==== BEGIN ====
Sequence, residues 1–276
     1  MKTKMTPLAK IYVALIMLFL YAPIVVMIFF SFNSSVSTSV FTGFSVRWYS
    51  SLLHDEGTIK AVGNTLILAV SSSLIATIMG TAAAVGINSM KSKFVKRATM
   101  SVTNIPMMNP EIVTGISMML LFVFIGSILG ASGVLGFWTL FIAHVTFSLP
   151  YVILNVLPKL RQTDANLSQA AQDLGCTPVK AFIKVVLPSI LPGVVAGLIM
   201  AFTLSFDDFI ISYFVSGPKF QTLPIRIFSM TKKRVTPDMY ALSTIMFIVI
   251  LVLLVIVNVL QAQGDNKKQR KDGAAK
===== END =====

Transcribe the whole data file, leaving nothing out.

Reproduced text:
Sequence, residues 1–276
     1  MKTKMTPLAK IYVALIMLFL YAPIVVMIFF SFNSSVSTSV FTGFSVRWYS
    51  SLLHDEGTIK AVGNTLILAV SSSLIATIMG TAAAVGINSM KSKFVKRATM
   101  SVTNIPMMNP EIVTGISMML LFVFIGSILG ASGVLGFWTL FIAHVTFSLP
   151  YVILNVLPKL RQTDANLSQA AQDLGCTPVK AFIKVVLPSI LPGVVAGLIM
   201  AFTLSFDDFI ISYFVSGPKF QTLPIRIFSM TKKRVTPDMY ALSTIMFIVI
   251  LVLLVIVNVL QAQGDNKKQR KDGAAK